How to Leg Yield | Training Your Horse

The leg yield is a useful equestrian exercise that is probably the easiest of all the lateral movements for your horse to learn and perform.

Your horse is flexed away from the direction of movement and then asked to step sideways away from the pressure of your leg (right leg in the diagram) while still travelling forward.

Even if you never intend to compete at dressage, teaching your horse to do some typical dressage moves will help to make it more supple, flexible and disciplined.

Training to Leg Yield

It is very important that you do not attempt any of the other lateral movements until your horse understands the leg yield; can do it in a supple way and can go sideways easily while maintaining good rhythm and balance.

Why Leg Yield …
Leg yielding can be useful for all kinds of situations, such as opening and closing gates when you are out hacking, or correcting your approach into a show jumping fence. Leg yielding at canter is a good exercise to use during your warm up as it supples your horse and gets him moving away from your leg.

How to Leg Yield …

The first thing we need before attempting leg yield is a good, straight forward-going walk. This can take some work depending on the horse but let’s assume you have a good walk.

To make it easier you can turn down the three-quarter line of the school and use your horse’s natural inclination to return back to the wall or side of the arena to help get you started.

Remember; This can also work against you if your horse is too keen to get back to the track and you can get a hurried over-bent movement.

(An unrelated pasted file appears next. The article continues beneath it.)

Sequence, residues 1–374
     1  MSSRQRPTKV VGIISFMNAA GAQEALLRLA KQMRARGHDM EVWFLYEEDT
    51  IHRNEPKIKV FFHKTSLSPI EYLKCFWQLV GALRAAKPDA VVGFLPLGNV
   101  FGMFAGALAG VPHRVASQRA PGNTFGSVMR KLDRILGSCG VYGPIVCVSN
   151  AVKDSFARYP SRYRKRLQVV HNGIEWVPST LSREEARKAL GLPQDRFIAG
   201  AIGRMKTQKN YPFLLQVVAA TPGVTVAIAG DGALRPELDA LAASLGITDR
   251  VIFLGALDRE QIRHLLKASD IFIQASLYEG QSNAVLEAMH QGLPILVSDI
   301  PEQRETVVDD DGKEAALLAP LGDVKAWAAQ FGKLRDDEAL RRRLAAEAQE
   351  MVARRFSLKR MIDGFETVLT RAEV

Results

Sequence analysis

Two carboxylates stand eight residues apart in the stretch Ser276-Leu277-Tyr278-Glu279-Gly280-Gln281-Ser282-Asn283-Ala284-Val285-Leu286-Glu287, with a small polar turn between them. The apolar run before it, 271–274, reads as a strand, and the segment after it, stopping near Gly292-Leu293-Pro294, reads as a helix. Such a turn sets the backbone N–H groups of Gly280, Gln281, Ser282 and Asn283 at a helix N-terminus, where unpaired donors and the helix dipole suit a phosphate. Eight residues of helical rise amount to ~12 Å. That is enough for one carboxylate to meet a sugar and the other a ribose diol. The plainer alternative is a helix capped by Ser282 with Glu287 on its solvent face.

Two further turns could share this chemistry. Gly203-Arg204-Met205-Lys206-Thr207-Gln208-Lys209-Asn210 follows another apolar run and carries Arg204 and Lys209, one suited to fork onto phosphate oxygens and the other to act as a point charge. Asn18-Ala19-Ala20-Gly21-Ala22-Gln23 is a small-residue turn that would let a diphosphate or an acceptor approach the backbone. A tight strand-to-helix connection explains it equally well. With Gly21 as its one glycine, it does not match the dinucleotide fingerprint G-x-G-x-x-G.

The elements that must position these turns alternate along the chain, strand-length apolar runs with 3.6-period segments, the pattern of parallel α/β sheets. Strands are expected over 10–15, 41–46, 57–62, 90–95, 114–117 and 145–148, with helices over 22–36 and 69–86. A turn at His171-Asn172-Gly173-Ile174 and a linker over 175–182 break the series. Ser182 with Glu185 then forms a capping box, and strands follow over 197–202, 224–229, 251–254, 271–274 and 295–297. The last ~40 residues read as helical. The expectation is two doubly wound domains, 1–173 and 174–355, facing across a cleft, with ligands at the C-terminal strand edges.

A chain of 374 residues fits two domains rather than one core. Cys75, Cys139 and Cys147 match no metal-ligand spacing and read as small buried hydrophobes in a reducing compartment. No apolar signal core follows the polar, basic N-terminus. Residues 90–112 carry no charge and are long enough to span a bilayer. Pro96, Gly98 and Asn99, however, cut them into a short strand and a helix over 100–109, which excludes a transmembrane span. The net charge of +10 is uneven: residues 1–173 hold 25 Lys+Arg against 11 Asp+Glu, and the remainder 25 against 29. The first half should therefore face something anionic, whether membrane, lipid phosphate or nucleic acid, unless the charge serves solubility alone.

If you have this problem you may need to try other tactics like coming down the centre line.

After turning down the three-quarter line your inside rein flexes the horse to the inside.

How do we flex the horse to the inside?

Ask the horse to flex by gently curling and uncurling your inside hand around the reins until the horse flexes.

This is all that should be needed. Do not pull back on the reins and try to pull his head around – not only will the horse object, but you are likely to cause too much bend in the neck and you’ll never get a good leg yield from there.

You have enough bend when you can just see your horses eye and nostril.
Try to learn how to leg yield and to perform it well. Your horse should stay parallel with the sides of the school and not trail his quarters or shoulders, the most common problems in executing the movement.

In leg yield your horse is always flexing in the opposite direction to the way he is going, You must not restrict the canter, but keep it going forwards and sideways. Your inside leg should go back behind the girth, ready to be used in time with the stride and to help maintain the sideways movement.

Using The Aids in Leg Yield.

Taught from walk and trot first, it’s easiest to teach the horse leg yielding on the inner track as he will naturally want to return to the outer track.

  • Turn down the inner track and flex the inside rein until the horse bends his neck just enough for you to see his eye and nostril.
  • The outside rein and leg stay relatively still
  • Use the inside leg a little behind the girth in time with the stride to encourage the sideways movement
  • Give the horse confidence by praising him for just a couple of good steps initially
Once we have this bend we can begin to ask for the sideways movement.

Use your inside leg a little behind the girth in time with the stride. It’s important to use the leg in the press-relax-press-relax way – a constant pressure will cause the horse to lean against your leg and not move away from it.

  • To time your leg aid you need to press as you feel the horse’s belly swing away from your inside leg.
  • This is the point when the horse’s inside rear leg is coming underneath for the next step forward and is the only point you can effectively influence the horse’s stride.
  • The outside rein is held against the neck but doesn’t do anything actively.
  • The horse will feel the outside rein against its neck and it stops him from falling out through this shoulder and diving back to the outer track which is another common problem.